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Dodgers Top Prospects List Recap: Numbers 16-20

Over this off-season, we did a feature called “Farm-Hand Fridays”. Every Friday for ten weeks we looked at our Top 10 prospects in the organization. Starting with Dennis Santana and ending with Walker Buehler, it was a rousing success. Now more than ever in today’s game there is a great deal of interest in team’s prospect. This is a result of both the changing dynamic of the game and the success many young players are having immediately in the Majors. So, with that type of success fans are beginning to look at their team’s farm system with great intrigue. We only did feature-length articles on our Top 10 prospects. But as any good fan knows, farm systems are far deeper and interesting than just the cream of the crop. So we decided to do a Dodgers top prospects list recap.

With that in mind, we’ve heard your comments, and your desires to expand our list out to our Top 20 Prospects. Over the next few weeks leading into Opening Day, we will give the quick hits on our prospects. And we will include their Spring Training stats if they have made appearances there. So, without further adieu, here are our #16-20 prospects in the system.

Number 20: Connor Wong

As one of the many catching prospects in the Dodgers’ organization, Wong has a lot of competition in the system. Drafted in the third round of the 2017 draft Wong very much fits the recent mold of catchers that the Dodgers like – athletic and versatile. Like Austin Barnes and Will Smith, Wong can play multiple positions. And just like Barnes and Smith, Wong also has a discerning batters eye. In 97 at-bats at Single-A Great Lakes Wong slashed .278/.336/.490. As a college draftee, he is expected, like Will Smith, to move quickly through the system. Expected 2018 Level: High-A Rancho Cucamonga to AA Tulsa by years end.

Number 19: Jordan Sheffield

Fairly universally considered a top 10 prospect in 2016, Sheffield’s prospect star has waned significantly in the last year. It was not quite all due to a lackluster 2017 performance. But more so that he failed to take a significant step forward in the weakest part of his game: his control. In 2016 he walked 4.5 batters per 9 innings. But in 2017 that number rose to 4.8 batters. Not exactly a step forward. His stuff remains relatively intact. Armed with a mid 90s fastball, and a sharp slider, he may eventually find his place as a late-inning reliever. Expected 2018 Level: AA Tulsa, with a possibility of AAA Oklahoma City.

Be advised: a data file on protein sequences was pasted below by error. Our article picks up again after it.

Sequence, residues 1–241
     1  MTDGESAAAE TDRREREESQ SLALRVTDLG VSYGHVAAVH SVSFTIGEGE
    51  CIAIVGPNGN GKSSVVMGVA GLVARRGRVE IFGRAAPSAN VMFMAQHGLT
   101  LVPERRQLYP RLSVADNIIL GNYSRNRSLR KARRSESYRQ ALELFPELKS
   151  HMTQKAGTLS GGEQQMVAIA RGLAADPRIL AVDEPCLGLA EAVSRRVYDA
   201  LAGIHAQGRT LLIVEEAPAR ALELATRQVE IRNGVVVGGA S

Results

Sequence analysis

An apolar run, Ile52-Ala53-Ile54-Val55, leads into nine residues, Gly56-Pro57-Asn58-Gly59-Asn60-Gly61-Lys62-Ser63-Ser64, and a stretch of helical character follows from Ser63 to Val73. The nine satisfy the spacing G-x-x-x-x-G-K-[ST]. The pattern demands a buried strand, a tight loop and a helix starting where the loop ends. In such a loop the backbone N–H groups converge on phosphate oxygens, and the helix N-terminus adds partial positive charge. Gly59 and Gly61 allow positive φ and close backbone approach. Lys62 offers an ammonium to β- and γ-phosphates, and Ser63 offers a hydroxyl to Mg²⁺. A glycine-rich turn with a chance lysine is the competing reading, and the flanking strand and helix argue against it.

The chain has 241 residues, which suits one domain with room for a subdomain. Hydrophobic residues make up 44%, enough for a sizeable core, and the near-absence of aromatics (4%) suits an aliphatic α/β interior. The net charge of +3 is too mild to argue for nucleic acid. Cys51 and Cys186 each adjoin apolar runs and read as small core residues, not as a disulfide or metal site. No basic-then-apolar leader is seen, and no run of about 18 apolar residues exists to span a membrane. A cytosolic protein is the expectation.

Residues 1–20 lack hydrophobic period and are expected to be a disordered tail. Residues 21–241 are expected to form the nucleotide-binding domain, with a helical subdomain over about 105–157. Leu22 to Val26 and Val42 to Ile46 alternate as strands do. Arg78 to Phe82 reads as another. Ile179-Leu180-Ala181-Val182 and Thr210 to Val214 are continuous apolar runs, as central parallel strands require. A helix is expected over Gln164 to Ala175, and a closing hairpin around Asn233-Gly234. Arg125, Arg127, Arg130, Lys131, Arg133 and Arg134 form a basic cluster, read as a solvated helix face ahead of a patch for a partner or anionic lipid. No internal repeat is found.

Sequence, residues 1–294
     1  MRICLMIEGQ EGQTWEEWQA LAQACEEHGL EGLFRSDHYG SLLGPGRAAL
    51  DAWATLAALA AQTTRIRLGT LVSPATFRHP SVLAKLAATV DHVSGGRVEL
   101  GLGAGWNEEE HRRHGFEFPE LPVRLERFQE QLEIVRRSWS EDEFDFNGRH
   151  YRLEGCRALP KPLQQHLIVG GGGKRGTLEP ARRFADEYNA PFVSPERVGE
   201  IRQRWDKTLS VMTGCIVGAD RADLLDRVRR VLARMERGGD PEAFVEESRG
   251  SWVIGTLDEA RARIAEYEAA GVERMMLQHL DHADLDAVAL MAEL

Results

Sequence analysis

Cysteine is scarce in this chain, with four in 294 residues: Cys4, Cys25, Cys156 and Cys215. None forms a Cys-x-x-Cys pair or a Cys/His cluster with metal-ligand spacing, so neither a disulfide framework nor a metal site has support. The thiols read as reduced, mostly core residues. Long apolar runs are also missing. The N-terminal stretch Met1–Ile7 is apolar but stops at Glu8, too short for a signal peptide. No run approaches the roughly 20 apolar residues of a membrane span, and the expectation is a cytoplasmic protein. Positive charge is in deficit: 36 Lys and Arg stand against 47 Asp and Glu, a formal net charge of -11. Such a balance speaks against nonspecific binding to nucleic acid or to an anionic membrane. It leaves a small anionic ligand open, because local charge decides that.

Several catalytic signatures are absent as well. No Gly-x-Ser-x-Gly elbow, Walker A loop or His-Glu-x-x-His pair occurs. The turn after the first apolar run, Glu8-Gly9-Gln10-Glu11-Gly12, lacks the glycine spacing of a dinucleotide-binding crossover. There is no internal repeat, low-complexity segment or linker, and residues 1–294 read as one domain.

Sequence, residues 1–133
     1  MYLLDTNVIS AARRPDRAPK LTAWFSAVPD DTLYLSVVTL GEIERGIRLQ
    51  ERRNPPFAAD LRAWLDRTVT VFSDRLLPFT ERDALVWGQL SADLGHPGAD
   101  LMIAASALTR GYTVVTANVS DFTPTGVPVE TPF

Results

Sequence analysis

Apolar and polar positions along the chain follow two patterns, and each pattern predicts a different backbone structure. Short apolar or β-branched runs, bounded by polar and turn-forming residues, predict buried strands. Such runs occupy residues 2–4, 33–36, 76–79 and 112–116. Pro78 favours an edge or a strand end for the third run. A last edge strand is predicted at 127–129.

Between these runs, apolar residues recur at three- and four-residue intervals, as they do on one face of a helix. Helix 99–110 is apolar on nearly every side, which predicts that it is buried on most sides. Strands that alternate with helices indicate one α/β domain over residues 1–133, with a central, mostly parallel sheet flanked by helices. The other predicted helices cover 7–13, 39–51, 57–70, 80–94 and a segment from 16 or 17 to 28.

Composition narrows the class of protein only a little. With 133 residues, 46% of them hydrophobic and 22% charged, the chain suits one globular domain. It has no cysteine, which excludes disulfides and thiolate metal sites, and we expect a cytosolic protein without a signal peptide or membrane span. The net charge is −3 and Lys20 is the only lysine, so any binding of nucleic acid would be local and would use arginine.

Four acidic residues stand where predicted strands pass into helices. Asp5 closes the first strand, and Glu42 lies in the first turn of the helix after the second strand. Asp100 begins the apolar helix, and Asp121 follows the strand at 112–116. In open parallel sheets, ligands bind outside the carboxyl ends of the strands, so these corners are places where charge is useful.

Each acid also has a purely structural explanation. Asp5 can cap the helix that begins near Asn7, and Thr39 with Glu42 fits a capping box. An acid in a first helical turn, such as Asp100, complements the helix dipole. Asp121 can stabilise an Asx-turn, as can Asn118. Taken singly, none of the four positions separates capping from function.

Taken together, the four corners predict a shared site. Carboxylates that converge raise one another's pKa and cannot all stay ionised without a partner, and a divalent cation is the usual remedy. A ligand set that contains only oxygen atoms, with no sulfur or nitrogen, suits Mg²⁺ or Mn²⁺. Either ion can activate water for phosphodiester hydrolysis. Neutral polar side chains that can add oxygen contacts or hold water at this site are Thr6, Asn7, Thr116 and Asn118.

Number 18: Imani Abduallah

Abdullah is one of the more intriguing arms in the system. When he was drafted, and signed over-slot, in 2015 many hoped he would immediately make an impact in the system. Instead, he has spent most of the last two years in instructional leagues refining his delivery and pitches. He now has a fastball that reaches the high 90s and one of the better changeups in the system. We have discussed how he could be one of a few prospects to make a huge leap this year in the prospect rankings. If he can put together his tools and pitches, he should be knocking on the door of our top 10 prospects. Expected 2018 Level: High-A Rancho Cucamonga, with a slight chance of reaching AA Tulsa.

Number 17: Cristian Santana

You have no idea how badly I want to rank Santana five spots higher. This kid has that kind of ceiling. MLB.com currently has him ranked #14 in the Dodgers’ Top 30. Santana is one of our only true 3B prospects in our system. He has some serious raw power, solid defensive tools, and makes really, really hard contact often. His biggest weakness is his hyper-aggressive approach. Despite a .363/.390/.563 tripe slash, he walked only 11 times in 54 games. He doesn’t strike out at an enormous rate, but that lack of walks could hurt him. However, not all prospects need to post double-digit walk rates to be successful. Santana is one of the most dynamic and exciting prospects we have. Expected 2018 Level: Start at High-A Rancho Cucamonga, but certainly could reach AA Tulsa if he continues to hit like he did in 2017.

Number 16: Gavin Lux

Gavin Lux is still hanging around the top 20 prospects. Unfortunately, many expected more out of a first-round pick than what he has given. To date, in 167 Minor League games, Lux has slashed a very average .262/.346/.374. He is still only 20 years old so he could fill out and have more power. But as it stands he has limited power and average contact. His defensive skills are solid, but yield mixed results. He is certainly athletic, but he made 19 errors last year. He did spend some time at 2B to diversify his value, but as it stands he is one of our only emerging SS prospects. He will have to take strides forward in order to avoid slipping out of the top 20 this year. Expected 2018 Level: Will spend most of the year at Single-A or High-A Rancho Cucamonga.

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Written by Blake Coble

Born and raised in SoCal and bled Blue my whole life. Absolutely love baseball and absolutely love the Boys in Blue! I have a fascination with analyzing the statistics and trends that drive player performance, and I love following our minor league prospects as well! Active duty Air Force currently stationed in Central California! Follow me on Twitter @yarritsblake

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